Both achieve momentum and maintain momentum by stacking exaggeration and hyperbole. Both avoid being simply a series of interlinked short stories by how, often just slightly, each chapter does build on the next by advancing the narrative while also featuring recurring characters of a sort. Absurdity is normalized so that tension can be retained in part by ever-greater absurdity that doesn’t seem ridiculous because we’ve already become accustomed to the prior level of absurdity. (The same principle applies to my novel Annihilation, but in terms of the uncanny impulse and stacking of tropes.)
But what lies at the opposite end from personal scaffolding (and equidistant from a more objective view of structure)? Perhaps this science of scenes diagram suggests one answer. The diagram attempts find the right level to extract useful generalities about structure — to express something that, admittedly, doesn’t apply to all fiction. It may fail in a sense to convey what it attempts to convey. Which is to say, what it wants to convey may not be communicable through a diagram. Nonetheless, I believe even ignoble failures can be more interesting and useful than staid successes.
Part of what led me to create this diagram is that I’ve become a little obsessed with how even a tiny change to where you start or end a scene can greatly affect how the reader perceives the scene and even how a reader or editor perceives the genre of the scene and thus the book as a whole. This thought suggests greater similarities between seemingly unalike pacing and styles, in that the actual difference is one of a missing cause to an affect or vice versa, to use a crude example. And once you can chart these similarities and differences at the right level of detail and hierarchy, you are much more able to control the effects of your fiction and even to shift modes within the same novel in ways that don’t seem jarring.
I do believe that with the right progressions — of a character’s emotions, of events in the story, to name only two types — anything is possible in fiction. I also believe that the idea of “beats” is often misunderstood as purely commercial consideration within screenplays. In fact, a serious, complex exploration of the way in which beats in a story support progressions or don’t support them can lead to serious break-throughs in a writer’s knowledge of the art and craft of writing. Showing these ideas in an almost cellular way helps to re-imagine them as organic, and thinking of them in abstract ways allows them to then be re-imbued in a flesh-and-blood sense on the page in a particular story or novel.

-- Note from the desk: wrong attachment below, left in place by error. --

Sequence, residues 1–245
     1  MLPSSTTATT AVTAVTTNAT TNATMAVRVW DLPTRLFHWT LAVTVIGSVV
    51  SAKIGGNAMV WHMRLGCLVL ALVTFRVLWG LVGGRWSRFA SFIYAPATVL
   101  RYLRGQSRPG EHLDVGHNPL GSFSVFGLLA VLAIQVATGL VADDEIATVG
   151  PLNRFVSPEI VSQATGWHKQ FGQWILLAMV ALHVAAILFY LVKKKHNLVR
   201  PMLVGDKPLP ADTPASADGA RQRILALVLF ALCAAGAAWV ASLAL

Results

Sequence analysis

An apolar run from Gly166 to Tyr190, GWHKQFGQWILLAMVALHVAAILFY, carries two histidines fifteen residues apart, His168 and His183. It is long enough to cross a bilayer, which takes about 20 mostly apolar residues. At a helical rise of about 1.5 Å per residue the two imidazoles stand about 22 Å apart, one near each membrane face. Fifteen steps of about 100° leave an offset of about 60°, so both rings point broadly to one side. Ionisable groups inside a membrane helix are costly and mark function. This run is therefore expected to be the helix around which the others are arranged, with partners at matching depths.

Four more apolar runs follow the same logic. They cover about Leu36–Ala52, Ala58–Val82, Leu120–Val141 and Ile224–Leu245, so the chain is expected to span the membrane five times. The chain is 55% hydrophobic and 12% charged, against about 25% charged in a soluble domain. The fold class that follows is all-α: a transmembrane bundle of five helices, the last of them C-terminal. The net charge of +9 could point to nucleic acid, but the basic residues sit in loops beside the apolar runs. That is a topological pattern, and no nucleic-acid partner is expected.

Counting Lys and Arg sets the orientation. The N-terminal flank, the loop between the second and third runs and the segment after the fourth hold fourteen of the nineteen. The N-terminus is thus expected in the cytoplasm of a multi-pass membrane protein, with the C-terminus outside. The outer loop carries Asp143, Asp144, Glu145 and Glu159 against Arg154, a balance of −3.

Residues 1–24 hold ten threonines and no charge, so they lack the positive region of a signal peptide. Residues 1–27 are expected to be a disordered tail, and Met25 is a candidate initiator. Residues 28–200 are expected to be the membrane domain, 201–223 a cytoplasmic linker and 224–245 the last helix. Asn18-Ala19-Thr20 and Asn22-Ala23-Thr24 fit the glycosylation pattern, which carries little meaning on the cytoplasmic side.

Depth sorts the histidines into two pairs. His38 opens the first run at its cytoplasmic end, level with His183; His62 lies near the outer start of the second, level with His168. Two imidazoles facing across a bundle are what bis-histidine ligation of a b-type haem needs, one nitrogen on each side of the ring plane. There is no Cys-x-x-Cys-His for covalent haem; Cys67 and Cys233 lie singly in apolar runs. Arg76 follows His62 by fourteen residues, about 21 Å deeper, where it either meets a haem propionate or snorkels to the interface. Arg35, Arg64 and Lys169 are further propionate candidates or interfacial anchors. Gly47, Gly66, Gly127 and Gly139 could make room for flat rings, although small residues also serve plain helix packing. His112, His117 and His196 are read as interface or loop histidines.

Where the diagram becomes impractical, perhaps, is that not all scenes have time intrusions because they lack that kind of character interiority. Contaminations of the scene can reflect a writer’s awareness of possible fatigue on the part of the reader rather than an actual condition that occurs across all kinds of scenes. However, by articulating these elements as if they are constant, it forces the reader of the diagram to construct their own version in opposition — in a sense, to correct the idea at the same level of abstraction. Perhaps this proves that even inaccurate writing diagrams can be of use to a writer.
As should be clear from this brief examination of structure, I believe in letting what should be organic in fiction express itself organically — and to proceed mechanically with what can be made mechanical and achieved through analysis and study without harm to the imagination. Without this second belief, I wouldn’t participate in workshops or give lectures about creative writing. Even as I eschew a distinction between “art” and “craft” in fiction because they aren’t terms in disagreement — the craft of writing fiction supports the art.
About the Author
Jeff VanderMeer is the author of the bestselling, critically acclaimed Borne and the Southern Reach Trilogy. His work has won the Shirley Jackson Award and been translated into 35 languages. His nonfiction appears in the New York Times, Los Angeles Times, and on the Atlantic’s website.